This type of blog post is a little more straightforward. A tutorial, or “how-to” article, teachers readers how to accomplish a specific end goal by outlining actionable steps.

One of the nice things about the tutorial blog post structure is that it’s applicable to pretty much every blog niche. These guides are also highly valuable to readers, as they provide key information that can help people achieve their goals.

Earlier in this post I mentioned the importance of using images where applicable to enhance your content. This is especially true for tutorials, as it’s sometimes easier for readers to understand how to accomplish a step when they can see an example of what they’re supposed to be doing.

My very first post on this site was a tutorial on how to start a blog.

4. Reviews

Reviews are a much more diverse blog post structure than you might realize. Like tutorials, they’re also high-value content because they can help readers make decisions about how to spend their money and/or time.

What you should include in your post will depend on what you’re reviewing. However, a few general guidelines include:

  • Explain what you’re reviewing. If it’s a book, give a plot overview (no spoilers!). If you’re reviewing a product, demonstrate what it does and why it’s useful.
  • Talk about the positives first. Obviously, if the thing you’re reviewing was really low-quality, you may not have anything positive to say. However, when you do, even if it’s a very small point, lead with the elements you liked instead of with the bad stuff.
  • State a clear recommendation. It’s helpful to readers if you make a definitive statement on whether or not you recommend the thing you’re reviewing. If you’re torn because it has positive and negative qualities that weigh somewhat equally, describe the ideal end user. For example, if you’re reviewing a historical biography and you thought it was well written but aren’t much of a history buff, mention that you think enthusiasts of the time period the book takes place in will enjoy it, although others may find it boring.

If you’re looking for an example, check out my Scrivener Review or my Goodreads book reviews.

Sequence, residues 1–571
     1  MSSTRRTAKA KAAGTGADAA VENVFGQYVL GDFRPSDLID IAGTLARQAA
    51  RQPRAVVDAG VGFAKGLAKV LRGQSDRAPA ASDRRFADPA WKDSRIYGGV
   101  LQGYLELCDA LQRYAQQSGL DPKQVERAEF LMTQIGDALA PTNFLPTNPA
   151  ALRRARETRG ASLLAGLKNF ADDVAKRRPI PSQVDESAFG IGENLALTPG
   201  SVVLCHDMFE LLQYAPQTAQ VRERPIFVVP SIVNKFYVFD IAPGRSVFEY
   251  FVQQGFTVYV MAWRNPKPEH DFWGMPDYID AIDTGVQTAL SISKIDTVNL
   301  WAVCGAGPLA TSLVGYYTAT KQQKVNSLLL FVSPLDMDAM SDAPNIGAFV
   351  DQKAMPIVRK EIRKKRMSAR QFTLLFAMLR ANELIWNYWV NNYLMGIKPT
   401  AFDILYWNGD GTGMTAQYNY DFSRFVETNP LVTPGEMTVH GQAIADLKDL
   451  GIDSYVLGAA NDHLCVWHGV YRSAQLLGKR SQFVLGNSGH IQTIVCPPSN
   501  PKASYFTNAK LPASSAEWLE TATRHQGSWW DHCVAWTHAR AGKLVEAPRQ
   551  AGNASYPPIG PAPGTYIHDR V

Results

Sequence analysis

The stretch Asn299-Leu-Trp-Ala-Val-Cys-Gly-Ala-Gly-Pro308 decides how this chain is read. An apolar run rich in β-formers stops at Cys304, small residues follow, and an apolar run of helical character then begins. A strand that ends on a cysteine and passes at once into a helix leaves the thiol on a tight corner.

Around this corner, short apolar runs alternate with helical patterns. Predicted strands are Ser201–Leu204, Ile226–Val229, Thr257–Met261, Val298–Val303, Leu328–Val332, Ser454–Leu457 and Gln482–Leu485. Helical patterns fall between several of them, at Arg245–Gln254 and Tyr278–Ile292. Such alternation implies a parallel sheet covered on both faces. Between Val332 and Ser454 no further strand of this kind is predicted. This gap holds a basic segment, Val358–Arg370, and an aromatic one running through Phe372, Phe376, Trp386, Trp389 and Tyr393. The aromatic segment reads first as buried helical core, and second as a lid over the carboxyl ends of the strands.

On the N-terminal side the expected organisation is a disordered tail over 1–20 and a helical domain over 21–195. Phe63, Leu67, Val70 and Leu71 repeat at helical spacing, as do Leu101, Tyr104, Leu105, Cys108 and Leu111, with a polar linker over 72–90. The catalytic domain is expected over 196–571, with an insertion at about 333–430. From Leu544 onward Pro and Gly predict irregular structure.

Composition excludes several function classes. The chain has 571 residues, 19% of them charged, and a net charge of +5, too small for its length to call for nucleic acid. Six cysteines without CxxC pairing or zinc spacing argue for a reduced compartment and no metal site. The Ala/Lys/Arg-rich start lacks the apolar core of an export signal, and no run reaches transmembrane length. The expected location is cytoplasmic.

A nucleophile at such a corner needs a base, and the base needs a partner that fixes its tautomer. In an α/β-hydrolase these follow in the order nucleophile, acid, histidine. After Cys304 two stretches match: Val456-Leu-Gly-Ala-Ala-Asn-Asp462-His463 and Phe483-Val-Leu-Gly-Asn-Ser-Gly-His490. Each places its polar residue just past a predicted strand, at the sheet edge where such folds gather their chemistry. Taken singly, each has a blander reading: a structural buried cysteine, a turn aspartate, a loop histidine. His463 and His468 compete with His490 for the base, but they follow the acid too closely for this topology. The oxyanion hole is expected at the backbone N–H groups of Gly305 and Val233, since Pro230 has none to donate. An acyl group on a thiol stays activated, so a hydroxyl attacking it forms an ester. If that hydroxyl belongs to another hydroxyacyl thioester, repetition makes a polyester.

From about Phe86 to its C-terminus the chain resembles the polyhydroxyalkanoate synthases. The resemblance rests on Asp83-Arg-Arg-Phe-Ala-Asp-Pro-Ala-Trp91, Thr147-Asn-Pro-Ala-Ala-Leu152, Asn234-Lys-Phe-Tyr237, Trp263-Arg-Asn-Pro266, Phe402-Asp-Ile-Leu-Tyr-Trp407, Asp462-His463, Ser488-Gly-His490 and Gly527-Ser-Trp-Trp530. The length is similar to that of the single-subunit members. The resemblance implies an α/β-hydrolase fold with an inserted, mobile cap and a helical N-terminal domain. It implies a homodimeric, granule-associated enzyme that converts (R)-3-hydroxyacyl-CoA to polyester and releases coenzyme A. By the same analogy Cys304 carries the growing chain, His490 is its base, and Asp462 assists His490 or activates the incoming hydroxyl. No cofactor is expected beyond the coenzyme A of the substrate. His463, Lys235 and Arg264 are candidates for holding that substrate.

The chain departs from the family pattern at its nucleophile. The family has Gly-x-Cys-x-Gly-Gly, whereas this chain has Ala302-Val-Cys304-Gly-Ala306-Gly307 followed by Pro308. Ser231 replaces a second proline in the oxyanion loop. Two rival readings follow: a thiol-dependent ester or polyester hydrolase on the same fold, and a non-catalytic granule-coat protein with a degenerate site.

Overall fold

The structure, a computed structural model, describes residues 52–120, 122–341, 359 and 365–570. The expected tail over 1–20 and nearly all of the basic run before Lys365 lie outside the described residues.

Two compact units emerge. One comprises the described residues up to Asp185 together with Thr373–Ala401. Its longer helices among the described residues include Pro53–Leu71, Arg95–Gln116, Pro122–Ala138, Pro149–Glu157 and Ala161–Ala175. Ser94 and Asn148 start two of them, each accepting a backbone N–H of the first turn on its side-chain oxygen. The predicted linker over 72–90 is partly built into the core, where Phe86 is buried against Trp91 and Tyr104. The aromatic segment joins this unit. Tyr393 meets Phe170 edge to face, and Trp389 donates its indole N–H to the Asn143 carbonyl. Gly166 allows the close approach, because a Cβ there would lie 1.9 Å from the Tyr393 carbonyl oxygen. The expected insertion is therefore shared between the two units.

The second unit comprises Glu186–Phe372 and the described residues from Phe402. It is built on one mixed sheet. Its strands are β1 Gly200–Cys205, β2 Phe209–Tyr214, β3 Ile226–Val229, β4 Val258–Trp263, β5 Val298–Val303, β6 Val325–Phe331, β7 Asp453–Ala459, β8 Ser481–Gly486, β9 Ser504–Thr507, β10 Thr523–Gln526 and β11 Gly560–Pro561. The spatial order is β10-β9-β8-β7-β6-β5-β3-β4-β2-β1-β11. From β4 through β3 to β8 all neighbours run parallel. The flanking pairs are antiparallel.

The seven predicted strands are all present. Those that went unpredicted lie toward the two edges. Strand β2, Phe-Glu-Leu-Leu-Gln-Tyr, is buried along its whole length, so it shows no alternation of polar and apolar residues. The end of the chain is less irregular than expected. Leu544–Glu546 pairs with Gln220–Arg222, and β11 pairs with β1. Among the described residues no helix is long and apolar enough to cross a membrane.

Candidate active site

5. Comparisons

You can think of a comparison post as a mashup between a review and a roundup. They go more in-depth than a typical listicle, but examine multiple products or services to inform readers about their features, pricing, and more.

Many comparisons use “vs.” in the title (as in Scrivener vs. Evernote). Tables can also be useful in this type of blog post, especially if you’re reviewing more than two products or services.

6. FAQs

Lots of people use search engines to find answers to specific questions. If you have those answers in a blog post, you may be able to capture their attention.

An FAQ-style post might provide answers to questions that start with:

  • What is…
  • When to…
  • Why does…

While listicles and tutorials may also answer questions, these forms aren’t ideal for every situation. My post “Why You Need a Daily Routine” is one example.


Structuring your blog posts requires careful thought and consideration. How you frame your subject matter influences whether readers will be able to follow your train of thought and derive value from your content.

The good news is that there are plenty of formats you can apply to just about any topic, including:

  • Listicles. Lists of tips, tricks, and other intangibles.
  • Roundups. A listicle of products, publications, or services.
  • Tutorials. How-to guides with actionable steps readers can replicate.
  • Reviews. Detailed examinations of specific products or services.
  • Comparisons. Similar to a review, but they weigh the pros and cons of two or more options within a niche.
  • FAQs. Explanatory posts that typically answer what or why questions.

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Featured Image Credit: Unsplash.

Molly Tyler
Molly Tyler

Molly received her B.A. in English in 2016, and her M.F.A. in Creative Writing in 2019. She now works full time writing blog posts and web copy for small businesses.